Complications of articular distal humeral fracture fixation: a systematic review and meta-analysis

Thomas R. Yetter, Paul J. Weatherby, Jeremy S. Somerson

Research output: Contribution to journalReview articlepeer-review

Abstract

Background: Distal humeral fractures are relatively rare injuries in adults. Fractures that involve the articular surface can be particularly challenging to treat. Open reduction–internal fixation (ORIF) remains the preferred treatment for most intra-articular distal humeral fractures, depending on the degree of comminution and functional demands of the patient. Many surgical approaches, fixation techniques, and potential complications have been described in the literature; however, the relative incidence and associated characteristics of these complications have not been studied. The purpose of this study was to identify the prevalence of complications and reoperations after ORIF for intra-articular distal humeral fractures. We sought to provide practical guidance to surgeons and offer insights on the avoidance and prognosis of complications through a systematic review of the published literature over the past 20 years. Methods: We performed a systematic review and meta-analysis of studies reporting complications and reoperation rates after ORIF for intra-articular distal humeral fractures. Subgroup analysis was conducted for complication rates between type 13B and 13C fractures, olecranon osteotomy and non-osteotomy approaches, and parallel and perpendicular plating. Results: Eighty-three studies met the inclusion criteria (2362 elbows; 5 level II, 2 level III, and 76 level IV studies). The mean clinical follow-up period was 2.6 years. The majority of fractures were type C (83%), the remainder were type B (17%). Of the fractures, 71% were closed whereas 9% were open; this was not reported for 20%. The mean postoperative flexion arc was 110°. The overall complication rate was 53%, and the overall reoperation rate was 21%. Although a parallel plating approach resulted in a lower rate of fixation failure requiring revision (1% vs. 6%, P <.001), a perpendicular plating approach showed a significantly lower rate of overall complications (45% vs. 54%, P =.006). This was primarily driven by lower rates of wound dehiscence (0.1% vs. 5%, P <.001), neuropathy (9% vs. 13%, P =.03), and implant prominence (3% vs. 7%, P =.01). Conclusions: This systematic review is the largest report of complications and reoperations of intra-articular distal humeral fractures after ORIF in the current literature. These results suggest that complications may be more frequent than previously understood. In contrast to prior small comparative studies, our study observed a significantly higher overall complication rate with parallel plating than with perpendicular plating. Perpendicular plating for intra-articular distal humeral fractures may be considered if adequate fixation and biomechanical stability can be achieved.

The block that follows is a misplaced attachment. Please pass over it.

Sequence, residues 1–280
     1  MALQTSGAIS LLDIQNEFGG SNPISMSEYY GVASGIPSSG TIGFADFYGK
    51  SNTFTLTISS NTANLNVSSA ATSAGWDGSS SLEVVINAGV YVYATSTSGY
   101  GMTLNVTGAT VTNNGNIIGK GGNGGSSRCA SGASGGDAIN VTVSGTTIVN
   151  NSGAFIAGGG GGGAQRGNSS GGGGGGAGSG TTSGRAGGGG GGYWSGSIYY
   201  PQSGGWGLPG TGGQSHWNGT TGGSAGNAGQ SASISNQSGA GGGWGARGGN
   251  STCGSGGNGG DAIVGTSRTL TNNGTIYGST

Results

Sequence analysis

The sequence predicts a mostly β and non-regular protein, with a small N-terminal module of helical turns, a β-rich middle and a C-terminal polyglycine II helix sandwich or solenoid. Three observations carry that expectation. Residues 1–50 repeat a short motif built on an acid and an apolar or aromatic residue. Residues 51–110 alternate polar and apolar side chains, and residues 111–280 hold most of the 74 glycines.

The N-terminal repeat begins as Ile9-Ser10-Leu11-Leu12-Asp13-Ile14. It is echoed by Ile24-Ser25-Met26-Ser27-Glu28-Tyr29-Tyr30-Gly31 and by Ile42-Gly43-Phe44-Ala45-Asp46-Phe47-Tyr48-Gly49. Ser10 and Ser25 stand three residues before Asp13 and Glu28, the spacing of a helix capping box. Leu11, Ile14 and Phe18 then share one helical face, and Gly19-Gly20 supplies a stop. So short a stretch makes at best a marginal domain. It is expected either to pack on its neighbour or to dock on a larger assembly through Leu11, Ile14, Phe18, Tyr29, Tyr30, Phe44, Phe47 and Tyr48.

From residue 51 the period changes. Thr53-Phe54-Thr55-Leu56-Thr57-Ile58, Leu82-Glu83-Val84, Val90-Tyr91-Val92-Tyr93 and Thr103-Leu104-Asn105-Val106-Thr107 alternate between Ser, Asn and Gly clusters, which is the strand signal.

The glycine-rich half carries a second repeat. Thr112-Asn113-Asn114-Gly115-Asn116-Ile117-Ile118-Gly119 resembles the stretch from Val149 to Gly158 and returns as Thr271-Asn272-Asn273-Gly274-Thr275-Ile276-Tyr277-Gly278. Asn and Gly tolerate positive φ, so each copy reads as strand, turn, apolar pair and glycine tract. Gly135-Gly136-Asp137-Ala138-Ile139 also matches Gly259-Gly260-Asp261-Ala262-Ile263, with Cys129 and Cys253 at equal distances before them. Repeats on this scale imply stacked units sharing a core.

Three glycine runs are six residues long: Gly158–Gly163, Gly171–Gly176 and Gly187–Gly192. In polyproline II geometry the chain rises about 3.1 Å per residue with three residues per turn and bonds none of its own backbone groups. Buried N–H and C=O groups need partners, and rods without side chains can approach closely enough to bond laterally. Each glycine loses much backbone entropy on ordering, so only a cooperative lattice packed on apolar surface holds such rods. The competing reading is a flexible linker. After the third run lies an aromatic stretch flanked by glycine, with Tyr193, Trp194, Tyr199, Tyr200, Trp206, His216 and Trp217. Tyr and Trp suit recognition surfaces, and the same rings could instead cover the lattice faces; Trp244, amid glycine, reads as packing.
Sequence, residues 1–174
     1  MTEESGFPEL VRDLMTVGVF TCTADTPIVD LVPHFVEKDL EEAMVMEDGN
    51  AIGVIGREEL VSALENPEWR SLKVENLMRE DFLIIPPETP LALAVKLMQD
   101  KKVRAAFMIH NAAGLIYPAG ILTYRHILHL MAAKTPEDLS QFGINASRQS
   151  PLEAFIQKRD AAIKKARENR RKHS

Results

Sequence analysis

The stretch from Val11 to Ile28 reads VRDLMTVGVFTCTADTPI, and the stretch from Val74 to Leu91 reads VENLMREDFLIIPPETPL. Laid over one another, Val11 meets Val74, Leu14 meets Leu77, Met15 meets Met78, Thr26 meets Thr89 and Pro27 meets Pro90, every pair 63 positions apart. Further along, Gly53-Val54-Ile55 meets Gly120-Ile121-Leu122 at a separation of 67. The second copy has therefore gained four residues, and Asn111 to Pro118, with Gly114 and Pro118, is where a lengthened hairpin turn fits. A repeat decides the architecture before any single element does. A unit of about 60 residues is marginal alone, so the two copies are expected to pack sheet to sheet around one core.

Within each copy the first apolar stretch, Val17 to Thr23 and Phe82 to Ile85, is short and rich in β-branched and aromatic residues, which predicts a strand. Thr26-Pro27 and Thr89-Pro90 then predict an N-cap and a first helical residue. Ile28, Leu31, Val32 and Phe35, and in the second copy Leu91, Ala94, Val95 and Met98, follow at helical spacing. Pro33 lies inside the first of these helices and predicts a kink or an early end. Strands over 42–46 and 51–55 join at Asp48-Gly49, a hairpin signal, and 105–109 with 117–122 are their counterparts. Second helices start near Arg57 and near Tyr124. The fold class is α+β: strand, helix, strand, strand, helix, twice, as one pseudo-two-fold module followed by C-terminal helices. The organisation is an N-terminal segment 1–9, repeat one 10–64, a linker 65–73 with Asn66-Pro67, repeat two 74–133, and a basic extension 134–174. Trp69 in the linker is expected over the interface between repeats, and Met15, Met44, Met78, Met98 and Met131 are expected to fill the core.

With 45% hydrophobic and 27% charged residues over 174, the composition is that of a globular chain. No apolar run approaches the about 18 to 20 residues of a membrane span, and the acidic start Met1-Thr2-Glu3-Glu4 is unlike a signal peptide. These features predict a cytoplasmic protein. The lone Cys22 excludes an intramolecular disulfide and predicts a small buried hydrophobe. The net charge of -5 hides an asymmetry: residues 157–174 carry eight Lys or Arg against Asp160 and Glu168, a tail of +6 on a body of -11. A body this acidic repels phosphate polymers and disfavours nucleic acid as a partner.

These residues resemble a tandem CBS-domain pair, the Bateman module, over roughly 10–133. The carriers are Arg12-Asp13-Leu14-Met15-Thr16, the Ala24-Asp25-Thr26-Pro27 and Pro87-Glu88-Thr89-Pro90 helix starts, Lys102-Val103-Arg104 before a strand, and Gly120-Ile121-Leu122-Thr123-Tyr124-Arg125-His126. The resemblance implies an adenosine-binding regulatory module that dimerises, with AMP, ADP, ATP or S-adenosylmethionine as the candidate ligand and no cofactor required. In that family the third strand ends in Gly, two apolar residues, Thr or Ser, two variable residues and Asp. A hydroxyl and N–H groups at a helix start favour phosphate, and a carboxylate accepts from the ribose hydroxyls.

Original languageEnglish (US)
JournalJournal of Shoulder and Elbow Surgery
DOIs
StateAccepted/In press - 2021

Keywords

  • Distal humerus fracture
  • Level IV
  • Systematic Review
  • complications parallel
  • intra-articular
  • open reduction and internal fixation
  • perpendicular
  • plating

ASJC Scopus subject areas

  • Surgery
  • Orthopedics and Sports Medicine

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